- Aliari, S., Nasri, A., Nejad, M. M., & Haghani, A. (2020). Toward sustainable travel: An analysis of campus bikeshare use. Transportation Research Interdisciplinary Perspectives, 6, 100162.
- Nasri, A., Carrion, C., Zhang, L., & Baghaei, B. (2020). Using propensity score matching technique to address self-selection in transit-oriented development (TOD) areas. Transportation, 47(1), 359-371. https://doi.org/10.1007/s11116-018-9887-2.
- Nasri, A., Younes, H., & Zhang, L. (2020). Analysis of the effect of multi-level urban form on bikeshare demand: Evidence from seven large metropolitan areas in the United States. Journal of Transport and Land Use,13(1), 389-408.
- Nasri, A., Zhang, L., Fan, J., Stewart, K., Younes, H., Fu, C., & Jessberger, S. (2019). Advanced vehicle miles traveled estimation methods for non-federal aid system roadways using GPS vehicle trajectory data and statistical power analysis. Transportation research record,2673(11), 296-308.
- Younes, H., Nasri, A., Baiocchi, G., & Zhang, L. (2019). How transit service closures influence bikesharing demand; lessons learned from SafeTrack project in Washington, DC metropolitan area. Journal of Transport Geography, 76, 83-92.
- Yang, Z., Franz, M., Zhu, S., Mahmoudi, J., Nasri, A., and Zhang, L. (2018). Analysis of Washington, DC Taxi Demand Using GPS and Land-Use Data. Transport Geography, Volume 66, Pages 35–44.
- Nasri, A. and Zhang, L. (2018). A Multi-Dimensional Multi-level Approach to Measuring the Spatial Structure of U.S. Metropolitan Areas. Journal of Transport and Land Use, 11(1).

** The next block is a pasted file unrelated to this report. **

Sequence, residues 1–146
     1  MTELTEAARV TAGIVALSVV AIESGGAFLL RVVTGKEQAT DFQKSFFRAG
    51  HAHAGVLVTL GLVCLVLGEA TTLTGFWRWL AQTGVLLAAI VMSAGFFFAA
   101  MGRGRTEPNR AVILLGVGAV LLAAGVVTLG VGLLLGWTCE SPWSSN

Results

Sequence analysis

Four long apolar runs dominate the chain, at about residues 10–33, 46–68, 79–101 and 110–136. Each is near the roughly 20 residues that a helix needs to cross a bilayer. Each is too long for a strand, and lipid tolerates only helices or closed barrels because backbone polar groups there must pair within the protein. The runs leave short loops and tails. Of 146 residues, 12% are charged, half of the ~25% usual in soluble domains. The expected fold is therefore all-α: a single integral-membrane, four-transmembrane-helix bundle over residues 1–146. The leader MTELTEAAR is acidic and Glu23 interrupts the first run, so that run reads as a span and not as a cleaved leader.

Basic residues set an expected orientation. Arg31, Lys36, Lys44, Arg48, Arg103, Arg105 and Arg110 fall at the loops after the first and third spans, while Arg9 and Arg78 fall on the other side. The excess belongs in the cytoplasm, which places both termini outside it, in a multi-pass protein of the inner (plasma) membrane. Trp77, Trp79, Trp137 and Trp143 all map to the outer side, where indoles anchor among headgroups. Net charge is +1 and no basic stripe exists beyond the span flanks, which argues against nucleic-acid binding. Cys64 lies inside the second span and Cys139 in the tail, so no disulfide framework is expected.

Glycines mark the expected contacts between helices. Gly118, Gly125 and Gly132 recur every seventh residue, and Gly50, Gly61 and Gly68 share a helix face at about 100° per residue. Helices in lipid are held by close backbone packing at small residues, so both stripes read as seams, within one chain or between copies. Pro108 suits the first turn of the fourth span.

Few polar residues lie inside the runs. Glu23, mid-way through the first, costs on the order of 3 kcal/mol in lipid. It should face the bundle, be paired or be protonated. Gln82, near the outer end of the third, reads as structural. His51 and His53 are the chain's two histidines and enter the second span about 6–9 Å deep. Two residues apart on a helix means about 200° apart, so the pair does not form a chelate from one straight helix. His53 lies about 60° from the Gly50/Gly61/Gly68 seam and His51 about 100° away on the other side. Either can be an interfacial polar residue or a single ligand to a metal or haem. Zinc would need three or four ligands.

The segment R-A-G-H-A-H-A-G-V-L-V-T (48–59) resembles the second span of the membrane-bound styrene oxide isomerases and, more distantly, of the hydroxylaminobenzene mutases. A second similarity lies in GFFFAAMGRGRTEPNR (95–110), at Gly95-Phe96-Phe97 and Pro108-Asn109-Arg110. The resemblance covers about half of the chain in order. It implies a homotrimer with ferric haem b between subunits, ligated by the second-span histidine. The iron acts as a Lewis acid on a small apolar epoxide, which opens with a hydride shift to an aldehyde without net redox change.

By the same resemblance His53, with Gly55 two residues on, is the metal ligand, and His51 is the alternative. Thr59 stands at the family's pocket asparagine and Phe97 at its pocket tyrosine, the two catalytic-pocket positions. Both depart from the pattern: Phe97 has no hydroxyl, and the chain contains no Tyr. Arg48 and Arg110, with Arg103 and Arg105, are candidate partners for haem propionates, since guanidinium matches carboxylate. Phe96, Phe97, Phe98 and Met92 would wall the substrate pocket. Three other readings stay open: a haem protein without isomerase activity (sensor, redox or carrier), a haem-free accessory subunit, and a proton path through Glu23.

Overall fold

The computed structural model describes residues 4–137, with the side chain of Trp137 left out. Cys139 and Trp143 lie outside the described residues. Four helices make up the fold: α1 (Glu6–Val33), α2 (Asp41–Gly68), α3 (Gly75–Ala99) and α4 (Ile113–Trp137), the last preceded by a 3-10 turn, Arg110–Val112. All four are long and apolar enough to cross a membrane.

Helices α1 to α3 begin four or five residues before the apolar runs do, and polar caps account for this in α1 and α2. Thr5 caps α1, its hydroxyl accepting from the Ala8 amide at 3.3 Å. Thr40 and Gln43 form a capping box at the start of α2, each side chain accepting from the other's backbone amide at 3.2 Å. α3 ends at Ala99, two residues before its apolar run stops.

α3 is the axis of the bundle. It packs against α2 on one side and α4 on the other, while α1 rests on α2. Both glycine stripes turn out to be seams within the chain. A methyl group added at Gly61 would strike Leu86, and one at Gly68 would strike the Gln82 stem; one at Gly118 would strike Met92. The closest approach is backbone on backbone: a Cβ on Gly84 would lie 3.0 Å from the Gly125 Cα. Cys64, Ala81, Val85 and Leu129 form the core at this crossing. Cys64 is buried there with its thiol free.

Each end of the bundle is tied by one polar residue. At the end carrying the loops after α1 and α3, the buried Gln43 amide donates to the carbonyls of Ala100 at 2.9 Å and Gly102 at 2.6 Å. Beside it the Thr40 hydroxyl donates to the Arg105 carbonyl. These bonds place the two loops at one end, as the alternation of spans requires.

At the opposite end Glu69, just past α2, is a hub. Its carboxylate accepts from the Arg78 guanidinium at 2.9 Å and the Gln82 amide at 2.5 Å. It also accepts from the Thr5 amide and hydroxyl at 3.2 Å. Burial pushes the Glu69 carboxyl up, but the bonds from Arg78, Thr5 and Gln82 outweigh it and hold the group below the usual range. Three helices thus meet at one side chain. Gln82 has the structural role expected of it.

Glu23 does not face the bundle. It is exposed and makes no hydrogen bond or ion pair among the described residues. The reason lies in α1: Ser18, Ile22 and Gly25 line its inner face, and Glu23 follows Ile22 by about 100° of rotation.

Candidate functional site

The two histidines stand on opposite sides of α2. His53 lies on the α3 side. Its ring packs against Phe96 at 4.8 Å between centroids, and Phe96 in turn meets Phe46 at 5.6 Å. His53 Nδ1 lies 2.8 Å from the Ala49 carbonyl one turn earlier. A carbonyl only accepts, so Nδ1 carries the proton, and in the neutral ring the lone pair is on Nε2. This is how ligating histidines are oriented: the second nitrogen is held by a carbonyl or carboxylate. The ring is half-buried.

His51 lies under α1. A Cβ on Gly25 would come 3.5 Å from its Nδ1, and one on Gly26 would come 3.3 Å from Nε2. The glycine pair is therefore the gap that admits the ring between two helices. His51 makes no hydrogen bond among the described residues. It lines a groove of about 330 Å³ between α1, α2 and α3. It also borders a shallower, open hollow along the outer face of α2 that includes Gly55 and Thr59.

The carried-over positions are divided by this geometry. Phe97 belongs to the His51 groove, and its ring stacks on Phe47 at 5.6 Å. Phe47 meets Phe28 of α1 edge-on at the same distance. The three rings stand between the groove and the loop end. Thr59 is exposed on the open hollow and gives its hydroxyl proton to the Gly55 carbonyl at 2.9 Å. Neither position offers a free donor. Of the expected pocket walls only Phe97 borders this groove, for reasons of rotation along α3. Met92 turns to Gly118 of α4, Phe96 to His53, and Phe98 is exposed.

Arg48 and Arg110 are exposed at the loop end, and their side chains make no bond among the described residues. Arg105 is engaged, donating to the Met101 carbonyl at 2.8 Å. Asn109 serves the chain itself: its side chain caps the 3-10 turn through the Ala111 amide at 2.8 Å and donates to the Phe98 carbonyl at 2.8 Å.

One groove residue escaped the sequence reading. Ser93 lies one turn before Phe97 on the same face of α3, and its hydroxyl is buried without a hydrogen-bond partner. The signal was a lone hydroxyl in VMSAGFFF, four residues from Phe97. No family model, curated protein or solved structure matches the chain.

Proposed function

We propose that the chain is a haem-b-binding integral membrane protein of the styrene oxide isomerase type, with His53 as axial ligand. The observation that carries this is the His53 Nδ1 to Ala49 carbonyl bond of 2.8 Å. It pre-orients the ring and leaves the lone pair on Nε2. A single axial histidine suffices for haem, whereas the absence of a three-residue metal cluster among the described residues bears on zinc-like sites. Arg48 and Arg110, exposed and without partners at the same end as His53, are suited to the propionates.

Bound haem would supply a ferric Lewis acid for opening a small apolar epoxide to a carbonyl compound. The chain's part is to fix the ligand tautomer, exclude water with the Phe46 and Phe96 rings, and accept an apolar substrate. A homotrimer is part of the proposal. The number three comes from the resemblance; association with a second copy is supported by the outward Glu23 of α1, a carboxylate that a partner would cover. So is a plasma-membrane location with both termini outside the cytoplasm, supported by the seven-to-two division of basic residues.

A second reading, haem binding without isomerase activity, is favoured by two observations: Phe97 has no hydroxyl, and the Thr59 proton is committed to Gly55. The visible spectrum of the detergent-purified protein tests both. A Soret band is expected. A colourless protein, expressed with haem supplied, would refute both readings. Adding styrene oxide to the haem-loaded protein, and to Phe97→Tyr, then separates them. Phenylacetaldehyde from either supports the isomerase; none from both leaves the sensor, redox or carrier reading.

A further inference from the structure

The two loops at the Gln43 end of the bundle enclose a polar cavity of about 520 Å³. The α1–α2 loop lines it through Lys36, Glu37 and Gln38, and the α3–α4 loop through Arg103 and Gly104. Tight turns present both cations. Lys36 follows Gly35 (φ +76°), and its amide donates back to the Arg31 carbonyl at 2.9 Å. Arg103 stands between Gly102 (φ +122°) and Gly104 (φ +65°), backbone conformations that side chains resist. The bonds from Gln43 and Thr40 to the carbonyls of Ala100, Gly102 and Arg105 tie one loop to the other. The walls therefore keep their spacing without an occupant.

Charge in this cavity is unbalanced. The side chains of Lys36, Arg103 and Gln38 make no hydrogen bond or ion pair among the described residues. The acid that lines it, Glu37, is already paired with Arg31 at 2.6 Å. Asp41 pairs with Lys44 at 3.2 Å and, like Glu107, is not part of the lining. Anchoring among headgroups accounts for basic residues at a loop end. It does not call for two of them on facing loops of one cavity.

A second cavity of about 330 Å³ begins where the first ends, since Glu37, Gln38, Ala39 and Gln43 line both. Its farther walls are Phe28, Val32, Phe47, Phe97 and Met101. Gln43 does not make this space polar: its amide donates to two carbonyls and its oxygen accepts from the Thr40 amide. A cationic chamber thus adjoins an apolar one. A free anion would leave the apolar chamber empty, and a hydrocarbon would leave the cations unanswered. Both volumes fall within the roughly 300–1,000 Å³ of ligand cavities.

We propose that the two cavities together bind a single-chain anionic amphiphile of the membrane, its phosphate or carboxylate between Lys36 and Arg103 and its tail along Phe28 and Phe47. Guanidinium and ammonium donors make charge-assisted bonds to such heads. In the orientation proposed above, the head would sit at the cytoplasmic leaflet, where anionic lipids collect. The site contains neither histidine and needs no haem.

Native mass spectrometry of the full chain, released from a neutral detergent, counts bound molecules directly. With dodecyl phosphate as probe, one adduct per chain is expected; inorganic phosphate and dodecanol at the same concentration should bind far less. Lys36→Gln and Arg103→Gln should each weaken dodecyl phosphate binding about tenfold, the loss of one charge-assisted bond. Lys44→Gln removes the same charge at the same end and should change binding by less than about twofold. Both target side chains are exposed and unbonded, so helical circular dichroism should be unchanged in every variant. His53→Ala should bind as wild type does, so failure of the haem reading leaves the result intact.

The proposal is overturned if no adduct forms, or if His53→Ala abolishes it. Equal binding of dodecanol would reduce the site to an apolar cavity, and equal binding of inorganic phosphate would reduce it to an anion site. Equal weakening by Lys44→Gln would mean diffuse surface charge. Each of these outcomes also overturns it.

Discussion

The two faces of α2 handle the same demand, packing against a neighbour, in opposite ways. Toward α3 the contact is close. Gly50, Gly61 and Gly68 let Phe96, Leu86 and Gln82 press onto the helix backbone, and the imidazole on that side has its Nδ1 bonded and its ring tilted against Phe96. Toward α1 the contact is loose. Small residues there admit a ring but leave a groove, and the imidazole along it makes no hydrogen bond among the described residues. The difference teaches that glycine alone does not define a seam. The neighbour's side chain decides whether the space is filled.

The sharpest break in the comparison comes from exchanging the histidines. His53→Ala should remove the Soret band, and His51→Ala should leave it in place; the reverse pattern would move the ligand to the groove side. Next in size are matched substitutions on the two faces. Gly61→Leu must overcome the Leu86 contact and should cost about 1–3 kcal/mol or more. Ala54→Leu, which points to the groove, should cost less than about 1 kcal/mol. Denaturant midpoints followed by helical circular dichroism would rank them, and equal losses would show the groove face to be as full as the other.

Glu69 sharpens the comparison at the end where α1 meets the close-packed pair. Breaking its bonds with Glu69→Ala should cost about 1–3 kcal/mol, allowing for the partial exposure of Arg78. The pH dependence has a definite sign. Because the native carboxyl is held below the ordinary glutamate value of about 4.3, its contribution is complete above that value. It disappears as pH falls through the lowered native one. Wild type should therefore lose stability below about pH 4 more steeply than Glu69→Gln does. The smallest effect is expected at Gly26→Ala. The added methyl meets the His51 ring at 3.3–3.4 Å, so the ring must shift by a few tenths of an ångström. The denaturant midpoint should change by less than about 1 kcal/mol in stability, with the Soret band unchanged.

- Yang, D., Xiong, C., Nasri, A., & Zhang, L. (2017). Hidden Markov Approach to Dynamically Modeling Car Ownership Behavior. Transportation Research Record: Journal of the Transportation Research Board, (2645), 123-130.
- Nasri, A. and Zhang, L. (2018). Effect of Multi-level Urban Form on Commuting Mode Share in Rail Station Areas Across the United States; a Seemingly Unrelated Regression Approach. Transport Policy, in press. Doi; https://doi.org/10.1016/j.tranpol.2018.05.011
- Nasri, A., Kwong, J., and Zhang, L. Employment Subcenters, Polycentricity, and Travel Behavior: The Tale of Two Cities in the U.S. Under review in the Journal of Transport Geography.
- Zamir, K. R., Nasri, A., Baghaei, B., Mahapatra, S., and Zhang, L. (2014). Effects of Transit-Oriented Development on Trip Generation, Distribution, and Mode Share in Washington, DC and Baltimore, Maryland. Transportation Research Record: Journal of the Transportation Research Board,2413(1), 45-53.
- Nasri, A., & Zhang, L. (2014). Assessing the impact of metropolitan-level, county-level, and local-level built environment on travel behavior: Evidence from 19 US urban areas. Journal of Urban Planning and Development, 141(3), 04014031.
- Nasri, A., & Zhang, L. (2014). The analysis of transit-oriented development (TOD) in Washington, DC and Baltimore metropolitan areas.Transport Policy, 32, 172-179.
- Nasri, A., & Zhang, L. (2012). Impact of metropolitan-level built environment on travel behavior.Transportation Research Record: Journal of the Transportation Research Board, 2323(1), 75-79.
- Zhang, L., Hong, J. H., Nasri, A., & Shen, Q. (2012). How built environment affects travel behavior: A comparative analysis of the connections between land use and vehicle miles traveled in US cities. Journal of Transport and Land Use, 5(3).